School budgets have been cut and classrooms are now packing in more students than ever, so when will teachers get a break?
According to Ahwatukee Foothills resident Candace Holmes, that break could come as soon as this fall. Holmes aspires to make life a little easier on educators, students and the environment all with one idea.
Candace and her husband are the creators of eHomework Wiz, a computer software program that allows K-12 students to complete and submit their homework online. It is a paperless way of assigning homework.
The software can automatically check students answers all at once, or a teacher can choose to go through them one-by-one. It also points out questions that numerous students miss.
Holmes suggests that the time saved grading individual answers will allow teachers to focus on these problems areas.
It is not attached to a specific curriculum, so individual teachers have more control when creating lesson plans. eHomework Wiz simply walks teachers through the steps of creating an online homework packet.
Their inspiration to develop the software came to them a year ago when their children's schools went green and started sending out newsletters via e-mail.
"Kids and schools have been really interested in recycling. Now they are interested in reducing, and our software would reduce a lot of paper waste. It's a whole new area," Holmes said.
The couple ran with their idea and entered eHomework Wiz in the Pepsi Refresh Project in June. The Pepsi Refresh Project gives away $1,300,000 each month to individuals, non-profits, and pro-social businesses that have an idea that will have a positive impact on communities. The top 10 ideas at the end of the month in the $25,000 category receive funding.
Unfortunately, the Holmes faced indomitable competition and their concept didn't rack in enough votes to receive funding.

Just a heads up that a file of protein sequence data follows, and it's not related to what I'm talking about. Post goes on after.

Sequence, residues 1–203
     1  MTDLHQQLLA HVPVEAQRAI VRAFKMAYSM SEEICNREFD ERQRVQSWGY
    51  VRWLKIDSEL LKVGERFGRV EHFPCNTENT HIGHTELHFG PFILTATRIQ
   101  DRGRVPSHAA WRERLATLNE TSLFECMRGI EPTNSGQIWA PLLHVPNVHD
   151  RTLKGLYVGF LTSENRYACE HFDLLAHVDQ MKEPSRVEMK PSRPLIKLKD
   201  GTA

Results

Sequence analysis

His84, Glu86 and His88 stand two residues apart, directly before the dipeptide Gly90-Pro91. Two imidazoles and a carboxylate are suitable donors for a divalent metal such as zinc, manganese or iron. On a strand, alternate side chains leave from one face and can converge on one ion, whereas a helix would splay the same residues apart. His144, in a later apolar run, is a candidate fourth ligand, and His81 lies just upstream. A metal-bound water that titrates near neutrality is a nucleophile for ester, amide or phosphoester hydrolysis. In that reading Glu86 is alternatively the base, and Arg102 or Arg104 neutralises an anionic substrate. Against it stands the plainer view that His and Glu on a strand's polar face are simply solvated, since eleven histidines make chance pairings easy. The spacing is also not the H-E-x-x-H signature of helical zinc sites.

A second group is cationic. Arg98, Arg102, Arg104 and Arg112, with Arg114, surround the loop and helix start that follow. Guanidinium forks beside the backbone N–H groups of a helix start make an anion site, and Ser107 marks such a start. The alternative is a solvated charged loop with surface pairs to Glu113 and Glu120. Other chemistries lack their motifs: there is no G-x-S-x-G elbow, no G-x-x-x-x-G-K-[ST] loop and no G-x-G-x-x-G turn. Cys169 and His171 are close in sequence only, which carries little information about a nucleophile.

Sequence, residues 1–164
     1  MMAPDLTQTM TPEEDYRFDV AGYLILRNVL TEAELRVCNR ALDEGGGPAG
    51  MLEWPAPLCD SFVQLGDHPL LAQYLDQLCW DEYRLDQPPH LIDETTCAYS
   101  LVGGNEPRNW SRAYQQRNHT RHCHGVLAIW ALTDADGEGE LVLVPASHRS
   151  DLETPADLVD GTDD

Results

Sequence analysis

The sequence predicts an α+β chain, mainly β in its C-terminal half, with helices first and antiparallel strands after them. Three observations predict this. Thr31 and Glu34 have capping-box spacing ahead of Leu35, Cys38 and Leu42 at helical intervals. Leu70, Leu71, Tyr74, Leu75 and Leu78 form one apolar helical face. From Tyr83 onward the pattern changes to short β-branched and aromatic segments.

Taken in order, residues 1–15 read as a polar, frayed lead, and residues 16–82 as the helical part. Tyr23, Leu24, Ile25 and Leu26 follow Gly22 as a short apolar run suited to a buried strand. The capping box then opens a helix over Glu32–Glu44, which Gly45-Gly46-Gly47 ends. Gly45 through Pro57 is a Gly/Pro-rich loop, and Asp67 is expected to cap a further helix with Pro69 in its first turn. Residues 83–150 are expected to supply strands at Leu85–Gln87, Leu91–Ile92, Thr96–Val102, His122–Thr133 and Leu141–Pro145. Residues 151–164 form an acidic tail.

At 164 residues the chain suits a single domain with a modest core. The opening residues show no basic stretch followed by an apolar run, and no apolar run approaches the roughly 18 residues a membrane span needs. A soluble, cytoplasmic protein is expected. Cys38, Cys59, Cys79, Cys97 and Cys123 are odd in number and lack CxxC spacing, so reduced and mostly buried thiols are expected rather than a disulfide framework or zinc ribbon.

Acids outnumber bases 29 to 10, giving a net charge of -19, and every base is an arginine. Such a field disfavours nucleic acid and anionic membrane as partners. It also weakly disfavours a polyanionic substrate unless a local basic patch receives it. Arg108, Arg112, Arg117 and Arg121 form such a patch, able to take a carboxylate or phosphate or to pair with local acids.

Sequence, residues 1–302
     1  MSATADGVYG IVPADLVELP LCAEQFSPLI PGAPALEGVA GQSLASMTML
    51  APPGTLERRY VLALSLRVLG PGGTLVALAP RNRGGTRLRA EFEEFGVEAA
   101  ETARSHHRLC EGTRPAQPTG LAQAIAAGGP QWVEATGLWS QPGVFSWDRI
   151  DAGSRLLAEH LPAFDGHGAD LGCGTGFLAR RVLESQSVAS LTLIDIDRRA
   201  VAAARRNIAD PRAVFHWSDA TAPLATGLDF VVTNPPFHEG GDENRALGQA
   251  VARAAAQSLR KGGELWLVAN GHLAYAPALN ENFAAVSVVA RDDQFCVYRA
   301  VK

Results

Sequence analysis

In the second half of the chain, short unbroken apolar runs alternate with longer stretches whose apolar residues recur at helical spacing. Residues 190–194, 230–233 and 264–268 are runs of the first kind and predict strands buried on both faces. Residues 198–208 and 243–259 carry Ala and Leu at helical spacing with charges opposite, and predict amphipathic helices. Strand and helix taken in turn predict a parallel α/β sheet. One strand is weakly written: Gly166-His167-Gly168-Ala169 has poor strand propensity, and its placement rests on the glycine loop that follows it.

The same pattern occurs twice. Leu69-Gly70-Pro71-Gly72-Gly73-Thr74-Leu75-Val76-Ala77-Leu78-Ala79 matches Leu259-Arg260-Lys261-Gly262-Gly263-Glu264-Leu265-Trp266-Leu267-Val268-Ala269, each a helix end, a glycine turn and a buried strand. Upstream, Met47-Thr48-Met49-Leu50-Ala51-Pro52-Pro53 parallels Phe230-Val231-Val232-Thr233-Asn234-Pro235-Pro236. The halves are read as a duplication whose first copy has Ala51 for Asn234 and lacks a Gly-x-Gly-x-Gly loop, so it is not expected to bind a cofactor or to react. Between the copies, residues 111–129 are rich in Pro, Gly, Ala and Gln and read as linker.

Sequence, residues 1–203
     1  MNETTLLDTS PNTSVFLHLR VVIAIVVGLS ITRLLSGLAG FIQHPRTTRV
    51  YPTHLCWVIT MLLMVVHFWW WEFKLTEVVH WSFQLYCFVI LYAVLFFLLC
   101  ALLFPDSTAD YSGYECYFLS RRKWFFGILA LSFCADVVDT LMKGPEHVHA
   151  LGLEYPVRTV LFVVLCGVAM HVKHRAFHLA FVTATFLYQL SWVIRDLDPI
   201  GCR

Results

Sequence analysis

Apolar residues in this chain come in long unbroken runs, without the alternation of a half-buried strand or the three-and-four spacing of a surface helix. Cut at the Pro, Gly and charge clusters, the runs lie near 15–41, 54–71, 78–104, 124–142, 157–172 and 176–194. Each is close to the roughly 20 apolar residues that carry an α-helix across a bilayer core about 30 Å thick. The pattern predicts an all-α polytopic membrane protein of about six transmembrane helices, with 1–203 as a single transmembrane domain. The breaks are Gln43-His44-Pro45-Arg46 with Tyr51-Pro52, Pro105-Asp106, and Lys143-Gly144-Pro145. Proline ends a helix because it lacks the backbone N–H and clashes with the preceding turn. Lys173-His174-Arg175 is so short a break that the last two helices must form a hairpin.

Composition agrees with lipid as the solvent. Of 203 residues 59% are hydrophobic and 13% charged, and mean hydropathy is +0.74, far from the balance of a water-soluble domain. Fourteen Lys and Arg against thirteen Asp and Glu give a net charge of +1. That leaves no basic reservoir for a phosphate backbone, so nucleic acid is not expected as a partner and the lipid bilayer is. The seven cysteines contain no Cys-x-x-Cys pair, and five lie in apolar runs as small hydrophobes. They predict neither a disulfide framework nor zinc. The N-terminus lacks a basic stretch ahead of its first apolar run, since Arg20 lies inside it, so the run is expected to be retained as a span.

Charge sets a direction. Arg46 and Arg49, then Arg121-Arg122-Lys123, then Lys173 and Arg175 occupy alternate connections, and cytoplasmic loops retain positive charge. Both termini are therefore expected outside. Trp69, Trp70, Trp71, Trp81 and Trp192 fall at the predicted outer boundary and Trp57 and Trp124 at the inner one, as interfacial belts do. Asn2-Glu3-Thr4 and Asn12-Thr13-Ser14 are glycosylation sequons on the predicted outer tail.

But that isn't stopping their progress. They are currently testing different parts of the program and working on getting a website up and running.
Holmes acknowledges worries about the software being too costly, but assures that even though they didn't win the Pepsi Refresh Project they are doing everything they can to keep the software affordable.
"At a time where most people are rushing out because the schools don't have money, we are rushing in because we are trying to help solve their problems," Holmes said.
Candace, who is a former IT professional, and her husband, who has been a software developer for more than 20 years, are using their combined knowledge and hard work to create a product that would be feasible for schools to purchase.
"When people see that this is the kind of program you would get from a very big software company they will be amazed. It will be supported that way, there will be tech support, and training and all the things you would expect from a big company but it will be so inexpensive. If all the schools in a district have a fundraiser they will be able to afford this product," Holmes said.
Another possible uncertainty that Holmes addresses is the fact that not every student has access to a computer outside of school.
Her solution to that worry is either printing the homework in PDF form and allowing them to complete it traditionally, or having after-school time where students can use computers on campus to complete their assignments.
Holmes anticipates that by mid-August they will have a demo available, and by the fall they will be able to offer it to schools in the Kyrene district.
If interested in more information or have a suggestion, e-mail Holmes at firstname.lastname@example.org.
Erica Tiffany is interning this semester for the Ahwatukee Foothills News. She is a senior at Arizona State University.